If I were to pay advertising fees in order to get those 206 entry points from search engine queries, the price-tag for that was quoted as $658.  That is a lot of money.  

At first, that number shocked me.  Then I thought about it and I realized that the top search queries that bring people to this blog are search terms like “ex Mormons speak out” and “ex Mormon blogs”.  Those are pretty loaded search queries.  There is also a very well-financed organization that really doesn’t want people thinking along those lines and is willing to pay a lot of money in order to put up competing links. 
What is the specific price of these advertisements?  The price for advertising on google through the search query “feminist Mormon housewives” is actually pretty low – only $0.10 per click.  On the other hand, the price-per-click for “ex Mormons speak out” – which is the number one search query that brings people to this blog – is quoted as $9.39.  The advertising rate for “ex Mormon blogs” is a staggering $11.44 per click, while “post Mormon” is a more modest $8.56 per click. 
I guess I was both surprised and not surprised by these results.  On some level, I knew that advertising, especially advertising for ex-Mormon related search queries, was probably coming at a stiff price.  I just never realized how stiff of a price it is. 
Looking at these results – at the sheer amount of money that is spent on pulling people away from my blog – I can’t help but think about the strange symbiosis that is going on here.  Friends and family members that I grew up with are paying tithing money into a system that is then turning around and running a heavily-financed advertising campaign that is, in part, paying a lot of money in order to cover up the results of search queries such as “ex Mormons speak out”, “post Mormon”, and “ex Mormon blogs”.  It's enough to make my head explode.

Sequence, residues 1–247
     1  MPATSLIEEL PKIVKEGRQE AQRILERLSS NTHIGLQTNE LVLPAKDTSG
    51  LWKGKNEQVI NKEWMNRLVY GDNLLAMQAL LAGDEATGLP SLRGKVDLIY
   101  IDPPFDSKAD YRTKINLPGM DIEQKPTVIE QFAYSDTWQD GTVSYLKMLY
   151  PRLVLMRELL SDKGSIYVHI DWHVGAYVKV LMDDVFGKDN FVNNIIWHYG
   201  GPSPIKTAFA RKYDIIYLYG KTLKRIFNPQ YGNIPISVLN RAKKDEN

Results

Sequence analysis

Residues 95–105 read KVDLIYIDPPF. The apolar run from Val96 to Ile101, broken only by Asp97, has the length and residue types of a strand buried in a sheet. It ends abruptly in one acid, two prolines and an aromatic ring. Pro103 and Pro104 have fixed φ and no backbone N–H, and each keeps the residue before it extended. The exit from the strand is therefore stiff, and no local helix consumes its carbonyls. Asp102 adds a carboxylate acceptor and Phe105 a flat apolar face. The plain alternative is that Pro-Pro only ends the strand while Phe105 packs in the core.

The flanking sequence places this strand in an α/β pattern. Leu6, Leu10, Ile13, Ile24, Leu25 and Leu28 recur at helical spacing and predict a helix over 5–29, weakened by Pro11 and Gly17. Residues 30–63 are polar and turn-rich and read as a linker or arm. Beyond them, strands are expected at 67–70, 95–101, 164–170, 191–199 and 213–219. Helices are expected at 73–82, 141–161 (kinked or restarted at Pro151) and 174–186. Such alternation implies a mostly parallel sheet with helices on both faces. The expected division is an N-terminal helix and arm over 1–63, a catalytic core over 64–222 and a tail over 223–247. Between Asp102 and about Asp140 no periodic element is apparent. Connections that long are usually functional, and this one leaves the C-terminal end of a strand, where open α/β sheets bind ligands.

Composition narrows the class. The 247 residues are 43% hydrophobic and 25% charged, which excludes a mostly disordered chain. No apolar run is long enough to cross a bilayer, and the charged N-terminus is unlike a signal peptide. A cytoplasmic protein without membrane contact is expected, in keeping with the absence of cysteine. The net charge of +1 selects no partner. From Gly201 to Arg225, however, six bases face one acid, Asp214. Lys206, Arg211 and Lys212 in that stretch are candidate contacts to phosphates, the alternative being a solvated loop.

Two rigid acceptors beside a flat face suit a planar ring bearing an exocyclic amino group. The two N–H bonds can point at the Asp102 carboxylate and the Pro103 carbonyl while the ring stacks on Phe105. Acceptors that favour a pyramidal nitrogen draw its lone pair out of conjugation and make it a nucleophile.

Are my stories really that worrisome?  

Tuesday, July 2, 2013

The Master's Call

       I am not a fan of religious music.  Neither am I a fan of country music.  I attribute this distaste to the bland insipid quality of Mormon hymns and the tendency of modern country music to sound whiny and nasal.  I want my music to challenge me, to force me to accept some truth about myself.  
One glaring exception to my aversion to country/religious music is my fondness Don Edwards, who is an old troubadour-style musician who sings about the lives of cowboys.  One of his most famous songs – and one that I listen to quite regularly – is called “The Masters Call” and is a narrative about a religious conversion.  “The Master’s Call” is an ballad-style song about a teenager who runs away from home and gets caught up in a cattle-rustling band.  Then, one night, a thunder-storm comes up and a cattle stampede starts.  The crux of the song is about the narrator’s near-death experience, which causes a religious conversion.  
I don’t listen to this kind of music very often and yet I can’t seem to stop listening.  I am not sure why I like this song so much.  I suppose part of it is simply that Don Edwards is a consummate musician.  His music is a blend of story-telling and instrumentals; his music is an understated exercise in showing rather than telling.  Listen to his music enough and you will understand that as a musician, he is willing to confront the parts about us that most people don't want to think about.  
I don't understand the lives of cowboys - but I do understand the deeper troubles that we all face and that Don Edwards confronts in his music.  And for that reason, I have a huge love for the stories that Don Edwards has to tell.

Check Don Edwards out.  You’ll be happy you did.  J